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Civil Liberties

Unit Six Chapter 14 by Ethan Frazier

Civil Liberties TermsCivil Liberties Definitions
bills of attainder legislative act that punishes an individual or group without judicial trial.
Bill of Rights The first 10 amendments of the U.S. Constitution
Brandenberg. V. Ohio speech would have to be judged as inciting unlawful action in order to be restricted.
capital punishment issuance of death sentences to those convicted of major crimes
clear and present danger test test to determine the standard to which a balance would be struck between national security and freedom of speech.
cruel and unusual punishment punishment deemed cruel and unusual according to a concept from English law
due process clause of the 5th and 14th Amendments No person can be deprived of life, liberty or property and everyone has the right to a fair trial.
eminent domain power to claim private property for public use.
Engle v. Vitale banned the use of a prayer written by the New York State Board of Regents.
equal protection clause important basis of the modern civil rights movement
Espionage Act of 1917 forbid false statements intended to interfere with U.S. military forces or materials to be mailed if they violated the law or advocated resistance to the government.
establishment clause prohibits the government from establishing an official church.
Everson v. Board of Education declared busing religiously neutral, and that reimbursements were appropriate. It did declare states cannot support one religion over another.
ex post facto laws laws that are banned because they affect the accused negatively.
exclusionary rule evidence gathered illegally cannot be used in a trial.
First Amendment rights right to freedom of religion, speech, press, petition, and assembly.
Fourteenth Amendment protects violation of rights and liberties by the state governments.
Furman v. Georgia Upheld the death penalty.
free exercise clause does not allow any laws prohibiting the free exercise of religion.
Gitlow v. New York Upheld 14th amendment by deciding that fundamental personal rights were protected from infringement by states.
Gideon V. Wainwright Required states to provide a lawyer to anyone charged with a felony.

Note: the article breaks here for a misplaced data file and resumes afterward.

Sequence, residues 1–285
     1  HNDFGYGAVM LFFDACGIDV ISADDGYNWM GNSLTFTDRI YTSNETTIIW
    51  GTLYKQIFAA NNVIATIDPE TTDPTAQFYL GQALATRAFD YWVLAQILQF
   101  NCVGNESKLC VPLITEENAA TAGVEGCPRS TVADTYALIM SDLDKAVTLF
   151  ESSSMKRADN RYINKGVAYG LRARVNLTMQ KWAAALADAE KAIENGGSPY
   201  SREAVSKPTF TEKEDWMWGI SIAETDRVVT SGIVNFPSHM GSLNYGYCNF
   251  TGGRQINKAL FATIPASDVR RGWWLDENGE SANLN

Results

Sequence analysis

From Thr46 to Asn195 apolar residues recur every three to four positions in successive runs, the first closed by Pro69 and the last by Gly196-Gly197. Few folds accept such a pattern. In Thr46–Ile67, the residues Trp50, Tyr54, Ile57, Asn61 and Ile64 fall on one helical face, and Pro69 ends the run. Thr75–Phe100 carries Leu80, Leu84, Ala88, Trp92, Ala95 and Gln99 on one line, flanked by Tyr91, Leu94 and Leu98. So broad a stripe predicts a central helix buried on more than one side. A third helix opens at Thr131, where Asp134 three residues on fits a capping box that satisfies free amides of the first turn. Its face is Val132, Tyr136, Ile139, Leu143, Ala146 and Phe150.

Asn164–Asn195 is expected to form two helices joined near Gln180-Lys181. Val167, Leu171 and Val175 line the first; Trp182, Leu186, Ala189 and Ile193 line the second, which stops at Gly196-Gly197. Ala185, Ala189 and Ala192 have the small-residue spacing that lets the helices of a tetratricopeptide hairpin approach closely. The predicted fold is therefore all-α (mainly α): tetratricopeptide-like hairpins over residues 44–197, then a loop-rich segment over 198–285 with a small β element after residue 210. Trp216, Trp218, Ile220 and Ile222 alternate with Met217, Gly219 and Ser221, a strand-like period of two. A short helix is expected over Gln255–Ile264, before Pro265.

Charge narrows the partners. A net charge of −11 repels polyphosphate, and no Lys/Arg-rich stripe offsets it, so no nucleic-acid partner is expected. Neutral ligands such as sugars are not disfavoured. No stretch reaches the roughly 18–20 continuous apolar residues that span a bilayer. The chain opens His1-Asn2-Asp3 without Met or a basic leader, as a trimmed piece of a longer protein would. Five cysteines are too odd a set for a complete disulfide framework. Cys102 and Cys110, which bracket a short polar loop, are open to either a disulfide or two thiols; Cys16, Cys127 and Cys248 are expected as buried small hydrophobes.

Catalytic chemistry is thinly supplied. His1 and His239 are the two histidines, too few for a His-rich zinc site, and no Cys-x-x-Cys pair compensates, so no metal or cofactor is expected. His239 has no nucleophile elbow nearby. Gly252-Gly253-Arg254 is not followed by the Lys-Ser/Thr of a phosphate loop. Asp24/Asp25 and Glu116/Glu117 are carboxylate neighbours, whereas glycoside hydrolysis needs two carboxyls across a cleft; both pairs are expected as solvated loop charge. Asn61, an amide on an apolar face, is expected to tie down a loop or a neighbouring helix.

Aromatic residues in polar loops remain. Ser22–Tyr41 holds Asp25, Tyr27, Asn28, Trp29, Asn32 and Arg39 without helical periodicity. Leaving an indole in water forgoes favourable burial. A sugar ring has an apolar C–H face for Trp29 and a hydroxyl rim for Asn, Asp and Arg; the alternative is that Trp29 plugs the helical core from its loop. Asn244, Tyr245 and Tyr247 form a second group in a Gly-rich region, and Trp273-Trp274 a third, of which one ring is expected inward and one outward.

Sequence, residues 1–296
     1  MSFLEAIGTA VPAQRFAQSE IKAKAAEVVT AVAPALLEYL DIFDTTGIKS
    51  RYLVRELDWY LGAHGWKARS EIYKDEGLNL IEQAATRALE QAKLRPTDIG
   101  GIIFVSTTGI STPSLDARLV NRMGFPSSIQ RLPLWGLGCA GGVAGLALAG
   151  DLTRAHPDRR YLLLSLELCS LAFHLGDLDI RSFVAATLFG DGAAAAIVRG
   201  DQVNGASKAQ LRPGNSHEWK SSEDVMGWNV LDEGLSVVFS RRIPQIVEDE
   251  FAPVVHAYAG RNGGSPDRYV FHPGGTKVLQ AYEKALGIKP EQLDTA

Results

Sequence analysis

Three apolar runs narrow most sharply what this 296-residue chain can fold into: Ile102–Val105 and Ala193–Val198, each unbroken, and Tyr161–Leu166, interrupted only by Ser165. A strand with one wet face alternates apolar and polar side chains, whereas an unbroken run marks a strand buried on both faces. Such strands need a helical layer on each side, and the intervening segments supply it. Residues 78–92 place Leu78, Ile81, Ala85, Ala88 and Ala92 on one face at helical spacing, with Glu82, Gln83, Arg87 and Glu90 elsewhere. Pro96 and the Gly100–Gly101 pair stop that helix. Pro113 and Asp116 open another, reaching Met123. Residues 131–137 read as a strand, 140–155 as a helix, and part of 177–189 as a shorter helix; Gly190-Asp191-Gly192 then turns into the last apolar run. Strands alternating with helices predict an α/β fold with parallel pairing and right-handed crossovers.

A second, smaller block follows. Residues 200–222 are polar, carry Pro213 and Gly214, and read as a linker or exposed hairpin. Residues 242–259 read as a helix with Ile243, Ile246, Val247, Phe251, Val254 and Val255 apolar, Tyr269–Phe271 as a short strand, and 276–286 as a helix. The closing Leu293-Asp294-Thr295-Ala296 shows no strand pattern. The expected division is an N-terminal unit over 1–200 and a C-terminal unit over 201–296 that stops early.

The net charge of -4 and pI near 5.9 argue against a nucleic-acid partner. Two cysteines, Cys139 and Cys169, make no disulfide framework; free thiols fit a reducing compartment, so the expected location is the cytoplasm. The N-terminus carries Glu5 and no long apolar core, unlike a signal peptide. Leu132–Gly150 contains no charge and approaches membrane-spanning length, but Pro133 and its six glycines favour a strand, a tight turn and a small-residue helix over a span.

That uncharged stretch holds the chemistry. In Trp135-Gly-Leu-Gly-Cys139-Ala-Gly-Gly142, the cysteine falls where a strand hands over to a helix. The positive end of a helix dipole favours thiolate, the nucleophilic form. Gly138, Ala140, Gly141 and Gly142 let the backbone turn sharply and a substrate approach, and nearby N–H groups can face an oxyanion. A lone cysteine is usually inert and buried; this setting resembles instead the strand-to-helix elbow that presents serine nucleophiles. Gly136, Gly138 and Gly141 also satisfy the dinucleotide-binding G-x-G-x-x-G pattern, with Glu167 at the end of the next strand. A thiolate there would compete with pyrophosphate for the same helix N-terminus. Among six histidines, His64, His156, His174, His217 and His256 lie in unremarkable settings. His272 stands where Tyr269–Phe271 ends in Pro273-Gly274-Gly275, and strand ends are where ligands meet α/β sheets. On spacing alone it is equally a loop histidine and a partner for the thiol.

Griswold v. Connecticut upheld right to privacy.
habeas corpus requires cause to be introduced in the trial of a prisoner
imminent action ruled in favor of Brandenburg in that speech would have to be judged as inciting imminent action in order to be restricted.
incorporation Bill of Rights apply to states.
Mapp v. Ohio Must have reasonable suspicion in order to undergo search and seizure, thus protecting the rights of the accused.
Miranda v. Arizona Forbids self-incriminationand requires the Miranda Rights be read upon arrest.
Miranda Rights to remain silent, to be warned that responses may be used in a court of law, and to have a lawyer present during questioning.
moment of silence for meditation and/or voluntary prayer.
priveleges and immunities clause upheld by 14th amendment under the citizenship clause.
right to counsel right to a legal advisor (lawyer).
right to privacy idea expressed in Griswold v. Connecticut
Roe v. Wade upheld abortion as legal
Schenck v. U.S. ruled any action suggested that is illegal is not protected under the 1st amendment.
Sedition Act of 1798 made it a crime to write, utter, or publish anti-government statements with the intent to defame.
Sedition Act of 1918 forbid anyone to write, print, or publish language intended to incite resistance to the US government.
Smith Act punishment for advocation of the overthrow of the US government and punishment for membership in a group advocating the same thing.
symbolic speech actions meant to convey a political message.
Texas v. Johnson ruled flag desecration constitutional.
unreasonable search and seizure guaranteed by 4th amendment.
wall of separation separation of church and state.
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